Vettel/Hamilton got reprimanded a couple of years ago for "racing" in the pitlane,since then there have been clear instructions to the drivers from Whiting with regards to what is and what isn't ok. But that's completely separate from today, today quite frankly Raikkonen and Ricciardo didn't want to pay the "price" of sitting in the pitlane and having their tyres cool off so they tried to "sneak" into a better track position from the side. Completely silly. Has nothing to do with stewards not understanding it, I am sure they understand very well what Raikkonen and Ricciardo tried to do and the stewards tried to come up with an appropriate penalty. At the end of day it was the end of the pitlane, no mechanics were being put in danger with cars being 3 abreast, but somehow the stewards have to enforce fair-play regulations. They can't give drivers a signal that trying to sneak ahead of the queue is ok and they can't go all medieval on them since it wasn't that huge of a deal.
Not a huge deal? When there's 1:59 left in the session, having tyre temp is a huge deal, and having a position in the queue that allows you to get a gap and get to the line before the chequered flag is an even bigger deal. Jumping the queue lets you keep the blankets on longer and still get a good track position. The stewards have got this badly wrong.
A few years ago there was no requirement to wait in the fast lane or to refrain from pushing in at the front of the queue. If that was still the case now, I wouldn't mind because I don't see it as a huge safety issue, and there is no room for politeness when the imperative to get track position on the out-lap is as big as it was in Q2. But once you have a rule, it is grossly unfair to those who follow it not to punish those who break it, or to give out punishments that aren't serious. If you said to any of the drivers in that queue, if you use the nearside lane to jump the queue you'll get a 2-place penalty but it will guarantee that you'll make it to the line, most of those in the middle and towards the back of the queue would undoubtedly prefer to take the penalty (depending what laptime they had in the bank).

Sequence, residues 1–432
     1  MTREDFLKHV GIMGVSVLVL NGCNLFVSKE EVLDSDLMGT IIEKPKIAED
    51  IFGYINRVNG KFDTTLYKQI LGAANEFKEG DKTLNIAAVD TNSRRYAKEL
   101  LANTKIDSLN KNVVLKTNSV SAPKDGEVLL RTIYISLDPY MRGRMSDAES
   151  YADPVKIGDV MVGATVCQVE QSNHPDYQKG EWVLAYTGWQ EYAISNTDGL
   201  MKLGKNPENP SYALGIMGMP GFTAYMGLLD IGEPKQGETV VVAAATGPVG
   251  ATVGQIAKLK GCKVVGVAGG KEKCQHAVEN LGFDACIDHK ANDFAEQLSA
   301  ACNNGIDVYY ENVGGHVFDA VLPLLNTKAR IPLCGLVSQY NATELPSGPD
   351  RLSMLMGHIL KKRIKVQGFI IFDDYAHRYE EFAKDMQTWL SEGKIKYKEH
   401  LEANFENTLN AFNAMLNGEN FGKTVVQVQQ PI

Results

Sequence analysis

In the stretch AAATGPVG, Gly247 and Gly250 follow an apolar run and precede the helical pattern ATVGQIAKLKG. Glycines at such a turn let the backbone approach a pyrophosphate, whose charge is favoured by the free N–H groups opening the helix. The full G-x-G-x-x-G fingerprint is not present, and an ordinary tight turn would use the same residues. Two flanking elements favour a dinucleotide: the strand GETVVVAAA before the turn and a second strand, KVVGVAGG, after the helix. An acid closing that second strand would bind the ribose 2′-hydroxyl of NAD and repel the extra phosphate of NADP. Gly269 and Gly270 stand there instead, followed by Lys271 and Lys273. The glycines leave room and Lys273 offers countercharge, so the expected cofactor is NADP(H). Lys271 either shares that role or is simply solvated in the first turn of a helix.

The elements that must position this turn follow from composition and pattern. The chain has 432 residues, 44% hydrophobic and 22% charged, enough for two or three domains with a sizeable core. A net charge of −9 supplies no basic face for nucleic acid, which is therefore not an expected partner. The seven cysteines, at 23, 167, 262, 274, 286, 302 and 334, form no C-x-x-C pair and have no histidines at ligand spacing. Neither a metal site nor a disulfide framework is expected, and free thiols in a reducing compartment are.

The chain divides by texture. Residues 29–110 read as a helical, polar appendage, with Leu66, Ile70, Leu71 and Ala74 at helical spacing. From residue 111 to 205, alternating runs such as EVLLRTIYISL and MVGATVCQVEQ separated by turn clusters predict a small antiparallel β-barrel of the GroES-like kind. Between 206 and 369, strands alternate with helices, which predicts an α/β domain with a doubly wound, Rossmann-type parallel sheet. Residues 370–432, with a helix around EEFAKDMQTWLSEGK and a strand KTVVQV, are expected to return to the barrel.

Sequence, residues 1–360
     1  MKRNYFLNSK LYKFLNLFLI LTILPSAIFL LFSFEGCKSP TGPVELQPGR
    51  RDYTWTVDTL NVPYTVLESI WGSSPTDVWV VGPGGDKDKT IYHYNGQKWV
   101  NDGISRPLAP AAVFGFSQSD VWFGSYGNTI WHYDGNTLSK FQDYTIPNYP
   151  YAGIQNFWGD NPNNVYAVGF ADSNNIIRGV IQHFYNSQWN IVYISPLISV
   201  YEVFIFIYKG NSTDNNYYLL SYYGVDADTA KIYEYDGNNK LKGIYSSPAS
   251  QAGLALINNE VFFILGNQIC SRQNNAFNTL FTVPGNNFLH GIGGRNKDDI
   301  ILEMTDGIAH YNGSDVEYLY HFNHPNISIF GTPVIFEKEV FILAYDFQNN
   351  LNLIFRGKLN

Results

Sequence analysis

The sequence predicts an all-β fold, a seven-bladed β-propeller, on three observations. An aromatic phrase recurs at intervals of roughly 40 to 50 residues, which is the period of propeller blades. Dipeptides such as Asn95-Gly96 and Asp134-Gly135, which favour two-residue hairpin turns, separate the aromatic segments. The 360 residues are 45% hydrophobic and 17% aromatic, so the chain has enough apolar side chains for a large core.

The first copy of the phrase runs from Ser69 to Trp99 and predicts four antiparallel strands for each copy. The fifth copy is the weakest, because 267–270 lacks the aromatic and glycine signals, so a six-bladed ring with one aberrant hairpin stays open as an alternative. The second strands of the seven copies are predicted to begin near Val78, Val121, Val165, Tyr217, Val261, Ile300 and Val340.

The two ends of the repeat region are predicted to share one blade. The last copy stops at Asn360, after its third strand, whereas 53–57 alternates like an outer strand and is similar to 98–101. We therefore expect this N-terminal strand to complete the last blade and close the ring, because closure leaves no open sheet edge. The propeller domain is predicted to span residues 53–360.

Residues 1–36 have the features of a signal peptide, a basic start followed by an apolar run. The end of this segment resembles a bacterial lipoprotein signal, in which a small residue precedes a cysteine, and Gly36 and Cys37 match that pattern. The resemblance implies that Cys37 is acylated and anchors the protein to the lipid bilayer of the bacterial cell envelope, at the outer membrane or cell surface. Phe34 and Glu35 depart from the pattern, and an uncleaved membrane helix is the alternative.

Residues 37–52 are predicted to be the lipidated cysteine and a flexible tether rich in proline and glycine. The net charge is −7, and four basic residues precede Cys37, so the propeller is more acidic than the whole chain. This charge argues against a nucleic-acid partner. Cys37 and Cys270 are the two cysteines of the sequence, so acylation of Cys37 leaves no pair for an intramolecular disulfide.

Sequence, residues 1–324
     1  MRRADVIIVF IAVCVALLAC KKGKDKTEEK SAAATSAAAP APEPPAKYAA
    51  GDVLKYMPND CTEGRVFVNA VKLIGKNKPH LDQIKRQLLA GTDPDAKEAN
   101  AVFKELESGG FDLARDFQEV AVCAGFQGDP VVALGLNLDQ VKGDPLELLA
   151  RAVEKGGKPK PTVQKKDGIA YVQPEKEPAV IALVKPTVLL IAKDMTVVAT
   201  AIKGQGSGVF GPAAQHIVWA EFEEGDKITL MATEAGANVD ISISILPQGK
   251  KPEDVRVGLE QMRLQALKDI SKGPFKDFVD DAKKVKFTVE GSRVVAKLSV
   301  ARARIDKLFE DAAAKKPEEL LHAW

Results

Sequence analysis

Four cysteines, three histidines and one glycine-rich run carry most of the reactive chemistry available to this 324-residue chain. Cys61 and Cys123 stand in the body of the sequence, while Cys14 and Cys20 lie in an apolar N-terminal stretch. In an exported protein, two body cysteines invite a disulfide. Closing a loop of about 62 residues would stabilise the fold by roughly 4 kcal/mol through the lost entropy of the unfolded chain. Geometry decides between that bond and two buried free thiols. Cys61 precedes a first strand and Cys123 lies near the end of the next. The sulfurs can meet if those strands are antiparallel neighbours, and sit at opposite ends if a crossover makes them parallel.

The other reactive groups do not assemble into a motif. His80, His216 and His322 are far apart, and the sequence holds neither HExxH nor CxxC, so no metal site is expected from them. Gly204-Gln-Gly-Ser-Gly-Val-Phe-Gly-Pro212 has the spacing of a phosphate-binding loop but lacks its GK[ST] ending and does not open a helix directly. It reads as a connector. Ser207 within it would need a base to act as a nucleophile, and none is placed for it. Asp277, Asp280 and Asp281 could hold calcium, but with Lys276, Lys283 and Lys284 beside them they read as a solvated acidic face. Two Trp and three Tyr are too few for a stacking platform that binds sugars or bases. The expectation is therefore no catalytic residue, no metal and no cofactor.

I also don't see why the failure to stop in the fast lane is not punished unless an advantage in terms of leaving order is gained. The regulation says nothing about gaining an advantage (unlike, for example, the rules on exceeding track limits). The regulation reads as a cut-and-dried, judgement-of-fact rule, similar to speeding in the pits or crossing the blend line at pit exit i.e. break the rule, get a penalty, end of discussion. I think they should enforce it in that way because otherwise these situations will get messier and messier - what about situations where the order of arrival is unclear because the cars arrive at the end of pitlane side-by-side? How do you know if an advantage has been gained. The stewards need to enforce the rules and make sure everyone blends into the fast lane like they're supposed to, and waits there in good order if the red light is on, like they have to in other championships e.g. V8 Supercars.
If I was Charlie I would say, at the drivers' briefing before the next qualifying session, that if you drive to the end of the pitlane and fail to line up properly in the fast lane, a marshall will come and stand in front of your car with a stationary yellow flag, and he will hold you in position until the green light comes on and all the cars that did line up correctly in the fast lane have passed you, and the matter will also be referred to the stewards who will, at minimum, issue a reprimand.